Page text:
Syrian Rebels Express Disdain For Obama And Other World Leaders - huffingtonpost.com

 

Syrian Rebels Slam U.S.-Russia Deal, Say Assad Is Moving Chemical Weapons To Lebanon And Iraq - huffingtonpost.com

 

Iraqi government denies allegations on transporting chemical weapons from Syria to Iraq- SANA

 

Syria deal shines light on suspected Israeli chemical weapons program - Fox News

 

Who Was Responsible For The August 21st Chemical Attack? - Brown Moses Blog

 

Detailed Diagrams Of The Unidentified Munitions Linked To Alleged Chemical Attacks in Damascus - Brown Moses Blog

 

Collected Media And Links Of Munitions Linked To Alleged Chemical Attacks In Syria - Brown Moses Blog

 

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Syria: nearly half rebel fighters are jihadists or hardline Islamists, says IHS Jane's report - Telegraph


Syria jihadists claim they killed Homs Alawites - Yahoo News


Islamist rebels execute Alawite men in Raqqa - THE DAILY STAR


VIDEO: Public execution of citizen in Raqqa - LiveLeak.com


Domenico Quirico: My 150-day ordeal as a hostage of Syria's rebels - The Observer

 

Terrorists confess to committing acts of murder, abduction, vandalism and destruction - SANA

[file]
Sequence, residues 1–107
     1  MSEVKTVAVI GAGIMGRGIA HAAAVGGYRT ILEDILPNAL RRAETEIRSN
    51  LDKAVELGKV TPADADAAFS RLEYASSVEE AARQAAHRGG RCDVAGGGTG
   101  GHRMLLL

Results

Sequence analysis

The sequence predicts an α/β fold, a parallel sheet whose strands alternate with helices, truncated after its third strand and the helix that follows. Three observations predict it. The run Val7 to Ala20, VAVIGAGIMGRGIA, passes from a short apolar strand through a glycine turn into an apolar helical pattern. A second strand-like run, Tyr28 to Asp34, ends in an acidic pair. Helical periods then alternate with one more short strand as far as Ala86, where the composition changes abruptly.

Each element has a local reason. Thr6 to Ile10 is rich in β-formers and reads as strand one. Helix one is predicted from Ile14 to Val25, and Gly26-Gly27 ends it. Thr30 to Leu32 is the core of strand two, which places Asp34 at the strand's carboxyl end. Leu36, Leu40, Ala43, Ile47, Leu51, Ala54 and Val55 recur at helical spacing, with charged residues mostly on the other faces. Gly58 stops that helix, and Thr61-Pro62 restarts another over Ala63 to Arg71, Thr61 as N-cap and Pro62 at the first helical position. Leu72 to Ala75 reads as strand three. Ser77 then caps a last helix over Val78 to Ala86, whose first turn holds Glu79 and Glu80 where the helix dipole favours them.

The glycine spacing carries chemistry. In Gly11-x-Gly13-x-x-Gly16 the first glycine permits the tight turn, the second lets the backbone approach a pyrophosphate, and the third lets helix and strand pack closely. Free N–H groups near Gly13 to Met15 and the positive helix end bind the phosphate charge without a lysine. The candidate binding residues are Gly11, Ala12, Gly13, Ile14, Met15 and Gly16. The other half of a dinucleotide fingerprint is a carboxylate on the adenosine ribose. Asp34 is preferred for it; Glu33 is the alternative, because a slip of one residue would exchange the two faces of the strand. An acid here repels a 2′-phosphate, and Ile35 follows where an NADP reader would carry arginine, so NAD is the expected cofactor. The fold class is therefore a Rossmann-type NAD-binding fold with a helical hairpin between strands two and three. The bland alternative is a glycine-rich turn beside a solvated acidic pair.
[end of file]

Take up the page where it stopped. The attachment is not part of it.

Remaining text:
Maaloula's cathedral and churches empty of Christians as Syria's latest front-line fight takes its toll - Telegraph

 

Syrian opposition warcrimes record deepens peace plan faultline - Reuters

 

Syria's new opposition PM faces daunting al Qaeda challenge - Reuters

 

Qaeda leader tells Syria fighters to shun secularists in sign of deeper rebel rift - Reuters

 

The end of the rebel alliance? - Al Jazeera English

 

Syria crisis: Rebel infighting kills at least 5 in town near Iraq border - Toronto Star

 

Islamic State of Iraq and the Levant overruns air defense base in Hama - The Long War Journal

 

The Abu Ghraib Prison Break Seriously Empowered Jihadists in Syria - Medium

 

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Rights Group Details Syrian Massacre carried out by forces loyal to President Bashar al-Assad - VOA


Syria: Mass Executions by Government Forces - Human Rights Watch


“No One’s Left” Summary Executions by Syrian Forces in al-Bayda and Baniyas (Full Report) - Human Rights Watch


VIDEO: Al-Bayda: anatomy of a war crime - YouTube


VIDEO: Escape from Hell ( English Subs ): Extrajudicial Killings of Detainees in Air Force Intelligence Branch - YouTube

 

Doctors to warn that Syria's healthcare system is at 'breaking point' - theguardian.com